Tuesday, November 29, 2011

Second grade revisited; Teacher conference frets

Second grade for me was when I really decided that I hated school. Not coincidentally, this was the time when play time ended, and real, actual school work began. I hated second grade. In fact, I still feel claustrophobic when I think of sitting at my dining room table and writing number after number on a sheet of paper. We had these long strips, and each strip was to have numbers written, something like 50 to a strip, up to 1000. 1000, people! If I even think about it now, I start to hyperventilate. I hated second grade, and most grades of elementary school thereafter. I remember sitting there, just being bored all the damn time. And never writing down my homework assignments. And seriously, just not giving a shit.

And now we cut to 26 years later where my own child is in second grade. He’s doing wonderfully, although he hates that he has to read specific books rather than something he would choose (Star Wars) on a nightly basis, and struggles with writing down his homework. Generally though, he likes school. I have a problem with his homework. So much of it is of the “complete with your parents” variety and it’s making me crazy. I swear, I am having flashbacks. The thought of doing second grade homework makes me twitch. It’s all in my head, I know. But it is a big struggle for me to not let my anxiety out when sitting at a table completing work with Bud. It’s hard, man.

Related to school, I have 2 problems with our teacher conferences that I am not sure how to address. I asked what Bud needed to do to increase his effort marks from 3’s to 4’s. The teacher advised that most everyone gets 3’s because they do a lot of group work. It’s not one specific thing that Bud is doing or not doing. This kind of blows my mind. Not that we’ve given him any sort of hard time about his report card, but we have just sort of assumed it was because of his lax approach to everything in the world. He’s the kind of kid who does most things well without trying. So we assumed that Lucy’s 4’s were because she does things very well, but often has to put in a lot of effort to get the results she wants. Now that theory is all shot to hell. And I know it’s not a 1st grade compared to 2nd grade thing, because Bud has had the same teacher for both years.

The second problem was with Lucy’s conference. I love her teacher, I love that Lucy loves school, and I love that Lucy does very well in school. Here is what her teacher said to us “I meet with each student daily to talk about their progress in their reading and writing. The exception is Lucy, who I meet with maybe once or twice a week. She is so far ahead that she doesn’t need it. And she doesn’t mind that I spend the time with the other students. She enjoys working independently.” Now I know Lucy, and I know that this is true. If you tell her to work with her sister to get her room cleaned, she will insist on doing it herself because she can do it better alone. Here is my problem: there will come a point when she is no longer so ahead of the curve. What if you’re so confident in her abilities that you miss it? I mean, this is probably not something that I have to worry about in 1st grade but situations like this bring out the worrier in me. I love my independent over-achiever. I do not want her to slip through any cracks.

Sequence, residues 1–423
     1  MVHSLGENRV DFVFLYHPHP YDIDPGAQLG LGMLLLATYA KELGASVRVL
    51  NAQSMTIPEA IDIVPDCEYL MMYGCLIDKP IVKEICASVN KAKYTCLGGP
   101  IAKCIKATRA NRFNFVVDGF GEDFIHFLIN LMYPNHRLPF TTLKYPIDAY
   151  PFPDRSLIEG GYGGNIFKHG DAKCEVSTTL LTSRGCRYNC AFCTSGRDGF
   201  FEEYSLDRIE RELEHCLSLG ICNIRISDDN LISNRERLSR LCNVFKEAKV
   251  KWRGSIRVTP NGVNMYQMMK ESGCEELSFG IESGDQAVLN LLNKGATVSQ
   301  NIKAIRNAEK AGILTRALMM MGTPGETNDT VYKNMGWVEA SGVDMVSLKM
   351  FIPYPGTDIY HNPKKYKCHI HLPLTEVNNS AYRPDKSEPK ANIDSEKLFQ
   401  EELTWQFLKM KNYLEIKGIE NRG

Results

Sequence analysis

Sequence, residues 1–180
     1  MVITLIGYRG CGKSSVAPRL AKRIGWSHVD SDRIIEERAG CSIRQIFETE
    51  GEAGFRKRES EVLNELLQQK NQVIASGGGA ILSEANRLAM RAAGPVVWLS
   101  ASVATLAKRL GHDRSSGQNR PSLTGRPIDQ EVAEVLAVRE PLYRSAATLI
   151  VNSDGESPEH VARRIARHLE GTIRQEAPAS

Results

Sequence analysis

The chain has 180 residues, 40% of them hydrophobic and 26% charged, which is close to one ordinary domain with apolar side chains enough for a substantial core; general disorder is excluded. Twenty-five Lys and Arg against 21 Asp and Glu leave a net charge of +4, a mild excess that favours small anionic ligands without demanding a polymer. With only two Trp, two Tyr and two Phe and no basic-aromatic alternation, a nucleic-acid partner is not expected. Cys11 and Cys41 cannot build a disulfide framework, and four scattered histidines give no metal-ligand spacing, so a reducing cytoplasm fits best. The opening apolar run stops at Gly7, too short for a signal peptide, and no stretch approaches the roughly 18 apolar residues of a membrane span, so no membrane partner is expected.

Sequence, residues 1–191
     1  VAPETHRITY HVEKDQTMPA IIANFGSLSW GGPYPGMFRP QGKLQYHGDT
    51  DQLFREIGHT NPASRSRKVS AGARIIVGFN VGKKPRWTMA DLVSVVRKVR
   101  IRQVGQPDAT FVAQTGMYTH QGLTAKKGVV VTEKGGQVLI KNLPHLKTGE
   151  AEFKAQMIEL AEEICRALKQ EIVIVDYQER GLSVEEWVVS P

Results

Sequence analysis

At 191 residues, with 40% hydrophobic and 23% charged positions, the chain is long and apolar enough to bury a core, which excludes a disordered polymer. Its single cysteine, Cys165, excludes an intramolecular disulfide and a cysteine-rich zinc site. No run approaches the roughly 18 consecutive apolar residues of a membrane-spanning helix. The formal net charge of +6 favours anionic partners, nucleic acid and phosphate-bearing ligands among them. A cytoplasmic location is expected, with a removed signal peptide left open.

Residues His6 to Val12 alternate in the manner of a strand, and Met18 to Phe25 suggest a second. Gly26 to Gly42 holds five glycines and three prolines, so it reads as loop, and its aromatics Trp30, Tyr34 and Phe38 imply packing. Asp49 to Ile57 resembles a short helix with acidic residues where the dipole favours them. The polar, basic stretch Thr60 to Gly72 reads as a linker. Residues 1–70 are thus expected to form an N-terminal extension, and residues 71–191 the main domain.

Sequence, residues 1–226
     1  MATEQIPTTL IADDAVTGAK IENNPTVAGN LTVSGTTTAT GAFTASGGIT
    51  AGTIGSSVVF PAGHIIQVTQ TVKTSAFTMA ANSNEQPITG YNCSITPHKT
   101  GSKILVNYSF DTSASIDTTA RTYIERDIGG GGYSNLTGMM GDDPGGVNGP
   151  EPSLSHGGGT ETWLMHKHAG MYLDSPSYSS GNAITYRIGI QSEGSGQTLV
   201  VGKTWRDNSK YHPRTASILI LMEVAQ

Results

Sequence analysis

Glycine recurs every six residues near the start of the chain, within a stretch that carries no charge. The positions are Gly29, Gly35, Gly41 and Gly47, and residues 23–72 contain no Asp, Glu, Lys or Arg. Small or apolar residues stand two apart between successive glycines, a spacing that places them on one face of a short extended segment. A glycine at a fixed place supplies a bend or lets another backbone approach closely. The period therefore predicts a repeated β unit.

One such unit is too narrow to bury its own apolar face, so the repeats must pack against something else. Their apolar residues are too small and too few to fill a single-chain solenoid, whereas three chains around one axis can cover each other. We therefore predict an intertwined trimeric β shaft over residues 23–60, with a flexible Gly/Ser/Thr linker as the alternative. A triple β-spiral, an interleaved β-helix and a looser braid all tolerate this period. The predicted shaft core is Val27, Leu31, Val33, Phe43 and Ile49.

Misty said...

Bud: 3s vs 4s seems subjective and it probably just depends on the teacher actually assigning the number.

Lu: You are right in that she will not always be ahead of the curve. But maybe you can count on Lucy never letter herself slip through any cracks. It doesn't sound like she is the kind of girl to handle difficulties quietly. I bet she would talk to you about it. You guys have a good relationship.

Anonymous said...

I also think that while Lu is a rock star, it does not mean she should have to sacrifice one-on-one time with the teacher, however brief, just because she is doing well. Is there nothing the teacher can do (or have Lu do) "extra" that they could discuss in that brief time?

StephLove said...

I can see why that would bother you. Every child needs to be met and challenged at his/her own level and this means they all need individual attention.

Shalini said...

Totally agree with why you'd be bothered. I used to not mind that the "problem" kids got more attention, but eventually there WAS a problem and that was...not good. You're a good mom to notice this so early.

Laura Diniwilk said...

You had to write out numbers on strips of paper? What the eff? Busywork is THE WORST.

The 3s vs. 4s thing would bother me. Grades should be entirely within the student's control...if there's a lot of group work, the effort marks should only reflect non-group work. But I'm sure it's much easier to just slap a 3 on everyone and call it a day.